• Not for sensitive skin
  • Strong "sunscreen scent"
$11 at Amazon

SPF: 30 | Broad spectrum: No | Type of applicator: Cream | Water resistance: No | Mineral or chemical: Chemical | Active ingredients: Octocrylene

In our guide to building a skin care routine in your 60s, experts told us that aging skin becomes dry and dehydrated, which is why most anti-aging products contain moisture-boosting ingredients. Dr. Magovern said the same is true when it comes to buying sunscreens for mature skin.

"For aging, mature skin, I recommend SPFs that are formulated with ingredients that hydrate and plump the skin," she said. " ELEMIS Pro-Collagen Marine Cream SPF 30 is a great option, as it not only has UV protection, but it also boosts the skin's hydration levels with antioxidant-rich botanical and marine extracts."

This particular SPF cream is made with marine collagen that reduces the look of fine lines and wrinkles, and helps to improve the look of firmness and elasticity. 

That said, this is the only sunscreen on our list that does not provide broad spectrum sun protection.

Pros
  • Includes collagen
  • Doubles as SPF and skin care
  • Fights signs of aging
Cons
  • Expensive
  • Not for full body
  • Minimum recommended SPF
  • Not broad spectrum
  • Not water resistant
$138 at Amazon
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$140 at Dermstore

SPF: 30 | Broad spectrum: Yes | Type of applicator: Lip balm | Water resistance: Yes | Mineral or chemical: Chemical | Active ingredients: Avobenzone, Octisalate, Octocrylene

Dermatologists agree that sunscreen for less obvious areas — like the lips and scalp — is a crucial part of overall suncare protection. Dr. de Moll reaches Coola's Liplux Lip Balm for her lips when she wants extra protection.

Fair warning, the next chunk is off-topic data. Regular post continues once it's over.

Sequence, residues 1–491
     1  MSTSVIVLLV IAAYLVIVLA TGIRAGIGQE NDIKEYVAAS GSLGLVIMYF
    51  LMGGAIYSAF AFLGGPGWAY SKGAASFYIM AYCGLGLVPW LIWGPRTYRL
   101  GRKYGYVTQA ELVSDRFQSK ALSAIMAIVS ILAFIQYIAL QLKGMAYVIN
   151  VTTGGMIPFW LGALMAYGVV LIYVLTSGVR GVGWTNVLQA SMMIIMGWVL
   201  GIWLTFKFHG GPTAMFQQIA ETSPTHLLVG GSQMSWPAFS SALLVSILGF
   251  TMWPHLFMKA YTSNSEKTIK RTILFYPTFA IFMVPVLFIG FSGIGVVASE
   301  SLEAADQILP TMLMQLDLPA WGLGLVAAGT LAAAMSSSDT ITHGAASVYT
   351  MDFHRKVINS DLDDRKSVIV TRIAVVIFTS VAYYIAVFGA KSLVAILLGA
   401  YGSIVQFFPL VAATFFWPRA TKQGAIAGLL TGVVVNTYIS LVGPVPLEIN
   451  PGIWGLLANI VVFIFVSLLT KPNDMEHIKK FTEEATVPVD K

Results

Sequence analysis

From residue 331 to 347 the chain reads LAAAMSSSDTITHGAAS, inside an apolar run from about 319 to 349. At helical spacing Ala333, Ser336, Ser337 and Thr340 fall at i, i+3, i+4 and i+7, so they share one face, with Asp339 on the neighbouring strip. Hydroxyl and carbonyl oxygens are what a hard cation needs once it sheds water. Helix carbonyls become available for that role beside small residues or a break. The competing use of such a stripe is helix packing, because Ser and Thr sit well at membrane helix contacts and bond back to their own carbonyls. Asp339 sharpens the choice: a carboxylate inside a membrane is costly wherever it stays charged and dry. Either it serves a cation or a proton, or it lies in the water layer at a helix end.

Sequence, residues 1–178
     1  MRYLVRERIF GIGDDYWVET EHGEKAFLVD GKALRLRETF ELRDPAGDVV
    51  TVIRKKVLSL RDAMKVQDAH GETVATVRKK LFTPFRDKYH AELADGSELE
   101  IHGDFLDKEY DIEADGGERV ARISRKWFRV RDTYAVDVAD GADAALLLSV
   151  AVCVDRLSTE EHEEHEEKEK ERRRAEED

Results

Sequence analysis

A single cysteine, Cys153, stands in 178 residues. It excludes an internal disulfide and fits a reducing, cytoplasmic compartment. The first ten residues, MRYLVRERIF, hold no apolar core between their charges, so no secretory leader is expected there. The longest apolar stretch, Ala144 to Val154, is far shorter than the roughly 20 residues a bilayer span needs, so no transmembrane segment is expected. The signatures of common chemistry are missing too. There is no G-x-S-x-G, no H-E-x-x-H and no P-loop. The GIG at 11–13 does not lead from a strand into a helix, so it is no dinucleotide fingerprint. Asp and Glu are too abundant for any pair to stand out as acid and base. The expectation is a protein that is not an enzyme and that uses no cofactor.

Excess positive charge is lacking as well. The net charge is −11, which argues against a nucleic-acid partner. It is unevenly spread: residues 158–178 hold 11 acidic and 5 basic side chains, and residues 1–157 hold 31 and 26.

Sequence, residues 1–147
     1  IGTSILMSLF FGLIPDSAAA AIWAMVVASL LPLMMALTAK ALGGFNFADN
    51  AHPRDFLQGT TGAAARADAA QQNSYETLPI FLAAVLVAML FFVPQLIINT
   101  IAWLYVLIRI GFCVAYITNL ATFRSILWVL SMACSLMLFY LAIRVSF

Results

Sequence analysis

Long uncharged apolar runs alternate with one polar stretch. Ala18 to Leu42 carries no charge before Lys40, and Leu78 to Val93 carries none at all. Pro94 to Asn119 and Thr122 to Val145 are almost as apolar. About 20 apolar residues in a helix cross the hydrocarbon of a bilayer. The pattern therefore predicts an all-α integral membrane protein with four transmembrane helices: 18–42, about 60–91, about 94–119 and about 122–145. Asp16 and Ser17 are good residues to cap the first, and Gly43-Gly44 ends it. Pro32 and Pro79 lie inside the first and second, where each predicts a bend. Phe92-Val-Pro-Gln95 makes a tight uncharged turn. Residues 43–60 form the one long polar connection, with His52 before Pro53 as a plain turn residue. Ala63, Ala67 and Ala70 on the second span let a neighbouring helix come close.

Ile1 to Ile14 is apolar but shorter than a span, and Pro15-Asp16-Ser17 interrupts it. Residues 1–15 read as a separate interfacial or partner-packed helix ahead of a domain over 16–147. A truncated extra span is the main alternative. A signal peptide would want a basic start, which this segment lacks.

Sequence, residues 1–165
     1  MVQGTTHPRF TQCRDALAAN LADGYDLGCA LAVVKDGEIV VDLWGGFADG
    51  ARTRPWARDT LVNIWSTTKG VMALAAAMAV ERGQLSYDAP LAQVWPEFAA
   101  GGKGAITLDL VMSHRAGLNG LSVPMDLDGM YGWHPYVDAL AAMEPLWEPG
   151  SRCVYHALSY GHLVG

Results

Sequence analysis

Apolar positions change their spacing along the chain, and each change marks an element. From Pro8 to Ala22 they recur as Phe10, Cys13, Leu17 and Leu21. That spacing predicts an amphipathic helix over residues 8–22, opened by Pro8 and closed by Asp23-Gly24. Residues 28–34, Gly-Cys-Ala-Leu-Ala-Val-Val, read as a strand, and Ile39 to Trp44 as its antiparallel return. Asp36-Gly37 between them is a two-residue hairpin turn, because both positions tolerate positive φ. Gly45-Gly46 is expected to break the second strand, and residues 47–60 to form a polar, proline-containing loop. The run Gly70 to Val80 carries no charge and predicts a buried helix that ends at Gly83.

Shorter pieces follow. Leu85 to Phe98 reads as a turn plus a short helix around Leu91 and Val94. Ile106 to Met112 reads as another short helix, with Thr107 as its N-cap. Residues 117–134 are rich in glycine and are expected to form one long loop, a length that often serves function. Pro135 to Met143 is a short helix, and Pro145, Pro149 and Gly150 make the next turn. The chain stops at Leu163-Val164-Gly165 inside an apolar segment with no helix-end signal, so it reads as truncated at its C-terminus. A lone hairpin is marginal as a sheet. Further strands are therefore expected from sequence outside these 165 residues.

Dr. Chacon advises thinking of lip and scalp protection as an addition to your sun protection routine. "These products should not replace sunscreen but rather be used in conjunction with it for comprehensive sun protection," she said.

Coola's Liplux Lip Balm is made with hydrating ingredients like carnauba wax and raspberry butter to give lips a natural gloss, increased suppleness and to tackle wrinkles.

Pros
  • Lip protection
  • Broad spectrum
  • Water resistant
  • Doubles as SPF and skin care
  • Easy to apply
Cons
  • Minimum recommended SPF
$10 at Amazon
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$12 at Ulta

SPF: 30 | Broad spectrum: Yes | Type of applicator: Scalp mist | Water resistance: Yes | Mineral or chemical: Chemical | Active ingredients: Avobenzone, Homosalate, Octisalate, Octocrylene

Dr. Magovern is also a fan of SPF products for the lips and scalp. "We also see a lot of skin cancer on the scalp, in particular in the hairline and part, where cumulative sun damage occurs," Magovern said. 

Using a minimum SPF 30 product for the scalp and hairline, such as Sun Bum's Scalp and Hair Mist Sunscreen can boost your overall sun care protection. It's a lightweight, fast-drying hair mist that won't leave your hair weighted down or greasy. It's even non-comedogenic and lightweight enough to spritz on your face for an added boost of protection, too. 

Pros
  • Broad spectrum
  • Water resistant
  • Scalp and hair protectant
  • Doubles as SPF and hair care
  • Easy to apply
Cons
  • Minimum recommended SPF
$17 at Amazon
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$17 at Macy's$17 at Ulta Beauty

Other dermatologist-recommended sunscreen we’ve covered:

  • Derma-E Sun Defense Mineral Oil-Free Sunscreen SPF 30 Face

  • Banana Boat Protection + Vitamins Sunscreen for Face SPF 50

Sources:

This story contains additional reporting by Korin Miller